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- Author Tadeusz Kantor
- Date of production 1989–1990 (object for the performance prepared from October 1989 to the beginning of December 1990)
- Dimensions height: 160 cm, width: 110 cm, depth: 156 cm
- ID no. CRC/VII/526/1-3
- Object copyright The Cricoteka Centre for the Documentation of the Art of Tadeusz Kantor
- Digital images copyright © all rights reserved, The Cricoteka Centre for the Documentation of the Art of Tadeusz Kantor
- Digitalisation RDW MIC, Małopolska's Virtual Museums project
Presented object was made for the play Today is my birthday Cricot 2 Theater, over which the artist worked from October 1989 to early December 1990. Tadeusz Kantor died after one of the last rehearsals, 8 of December 1990 year. The premiere took place shortly afterwards, in January 1991 at the Théâtre Garonne in Toulouse, then the play was shown in 22 cities around the world until June 1992.more
The presented object was created for the performance of the Cricot 2 Theatre, Today is my birthday, on which the artist worked from October 1989 to early December 1990. Tadeusz Kantor died after one of the last rehearsals of the performance on 8 December 1990. The premiere took place shortly after, in January 1991 at Théâtre Garonne in Toulouse; then, the performance was shown in 22 cities around the world until June 1992.
A Tank and other objects, such as a machine gun, a cannon, and a jam sandwich, appear in the fourth and fifth acts of the performance as an expression of Kantor’s protest against the events of the world history and the processes that they permanently unleashed. They are described by the artist as the “authorities“. They are accompanied by “the people in power – a special human species”: “party secretaries, policemen with batons, murdering and murdered soldiers”, and, finally, “NKVD-ists” with guns.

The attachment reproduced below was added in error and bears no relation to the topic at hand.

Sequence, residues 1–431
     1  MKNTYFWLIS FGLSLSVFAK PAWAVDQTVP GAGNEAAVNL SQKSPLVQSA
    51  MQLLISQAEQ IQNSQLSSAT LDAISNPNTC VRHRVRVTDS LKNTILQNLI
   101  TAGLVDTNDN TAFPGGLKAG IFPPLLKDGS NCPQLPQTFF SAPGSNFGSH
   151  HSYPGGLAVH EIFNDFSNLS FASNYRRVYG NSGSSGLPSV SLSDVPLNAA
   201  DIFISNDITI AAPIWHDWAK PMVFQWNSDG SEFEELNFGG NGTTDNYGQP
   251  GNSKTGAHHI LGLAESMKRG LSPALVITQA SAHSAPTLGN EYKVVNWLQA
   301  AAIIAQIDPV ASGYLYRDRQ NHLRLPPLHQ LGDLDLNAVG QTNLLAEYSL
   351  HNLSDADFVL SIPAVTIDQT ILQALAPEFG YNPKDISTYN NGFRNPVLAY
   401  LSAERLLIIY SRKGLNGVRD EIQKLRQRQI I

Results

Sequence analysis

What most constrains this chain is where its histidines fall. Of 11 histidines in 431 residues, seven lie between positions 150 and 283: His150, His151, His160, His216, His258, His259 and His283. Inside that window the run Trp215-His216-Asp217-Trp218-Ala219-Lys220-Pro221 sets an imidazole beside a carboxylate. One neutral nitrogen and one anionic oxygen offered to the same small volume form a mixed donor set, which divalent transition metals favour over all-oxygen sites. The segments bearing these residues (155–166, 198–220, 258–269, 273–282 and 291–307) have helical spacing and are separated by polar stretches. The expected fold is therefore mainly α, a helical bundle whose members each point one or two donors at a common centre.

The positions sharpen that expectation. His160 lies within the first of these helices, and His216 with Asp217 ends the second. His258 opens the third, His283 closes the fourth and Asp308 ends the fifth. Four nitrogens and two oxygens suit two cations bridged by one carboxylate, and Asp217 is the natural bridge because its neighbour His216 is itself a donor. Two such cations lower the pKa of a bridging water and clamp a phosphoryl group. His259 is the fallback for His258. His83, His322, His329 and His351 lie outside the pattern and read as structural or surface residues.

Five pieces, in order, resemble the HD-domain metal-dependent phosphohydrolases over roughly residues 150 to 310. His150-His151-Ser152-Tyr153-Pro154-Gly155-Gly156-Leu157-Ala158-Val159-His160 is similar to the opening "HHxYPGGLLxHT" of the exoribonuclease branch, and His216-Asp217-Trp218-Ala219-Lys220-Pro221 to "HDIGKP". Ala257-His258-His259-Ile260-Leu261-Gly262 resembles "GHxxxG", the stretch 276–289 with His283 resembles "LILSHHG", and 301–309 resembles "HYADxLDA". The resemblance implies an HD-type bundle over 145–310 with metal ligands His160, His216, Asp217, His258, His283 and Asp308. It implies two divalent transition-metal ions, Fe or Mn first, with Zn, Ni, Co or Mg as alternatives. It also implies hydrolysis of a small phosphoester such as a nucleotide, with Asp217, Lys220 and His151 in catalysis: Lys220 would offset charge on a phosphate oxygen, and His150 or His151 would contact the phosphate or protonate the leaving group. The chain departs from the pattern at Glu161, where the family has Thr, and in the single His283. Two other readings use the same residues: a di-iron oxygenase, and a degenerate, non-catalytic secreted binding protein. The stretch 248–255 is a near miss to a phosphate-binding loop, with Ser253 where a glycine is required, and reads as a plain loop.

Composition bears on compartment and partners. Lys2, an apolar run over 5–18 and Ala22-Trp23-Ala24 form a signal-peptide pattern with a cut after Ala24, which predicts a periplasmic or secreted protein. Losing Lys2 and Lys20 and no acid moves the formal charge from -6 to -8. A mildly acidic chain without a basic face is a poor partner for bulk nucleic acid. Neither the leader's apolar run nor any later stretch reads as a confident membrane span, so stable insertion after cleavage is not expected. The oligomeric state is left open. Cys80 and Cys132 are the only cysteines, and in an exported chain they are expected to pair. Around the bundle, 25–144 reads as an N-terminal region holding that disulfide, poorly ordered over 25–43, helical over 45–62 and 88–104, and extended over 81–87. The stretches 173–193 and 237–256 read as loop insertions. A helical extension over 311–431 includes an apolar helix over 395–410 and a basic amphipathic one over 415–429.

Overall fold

The use of Tank in the performance depicts Kantor’s turning his back on mass movements, totalitarianism, the age of man’s crime against man. Opposing the mass, the artist emphasized the role of the individual human being, in which he saw the only possibility of progress.
In Great Theoretical Digression, written for the performance, we read:
“I came to the conclusion, / that in art / it is completely / true to / only present your / own life, / exploring it, / with no shame, / exploring your own FATE, / DESTINY. / I have explained it many times, / that the reason is not / exhibitionism, narcissism—/ but intensification of the concept of: / individual life, / to escape from destruction / from / inhuman, outrageous / the mass”.
This approach (putting an individual, unitary history above the great narratives of the world history) is also visible in Kantor’s earlier performance, I Shall Never Return. In Today Is My Birthday, he is protected from the mass by his own memory, imagination, and the realm of personal experience, that make up the performance (see: Self-portrait, Infanta’s Portrait, The artist’s table).
My Poor Room of Imagination. / My apartment. My house on the stage. / Like a fortress / defending itself from the crowd, / from the authorities, / from politics, / from interference, / from ignorance, / from vulgarity.
Scenic props, connected to the private life of the artist, and his “Dear Absentees” – dead family members recalled on stage – are, as he describes them himself, his “defenders” in front of “the thronging rabble”. Until... at some point, at the “roar of the crowd (...), the WALL collapses.” The “authorities” abuse the inhabitants of the artist’s room, which is plundered. “Quelle barbarie!” (in French: What barbarity!) – sums up one of the characters.
The Tank, just like all “war machines” in the performance, was made mainly of galvanized sheet metal. The structure of these objects was considerably simplified. Rubber rollers, attached to the base of the tank, allow the object to be mobile. The space for the actor is in the back of the vehicle, on the board attached between aluminium tracks. At the back, there is a crank attached, that sets in motion a drive structure that moves the tracks.
Elaborated by Małgorzata Paluch-Cybulska (The Cricoteka Centre for the Documentation of the Art of Tadeusz Kantor), © all rights reserved
 T. Kantor, Wielka dygresja teoretyczna, [in:] T. Kantor, Pisma, Vol. 3: Dalej już nic... Teksty z lat 1985–1990, elab. K. Pleśniarowicz, Wrocław–Kraków 2004–2005, p. 233.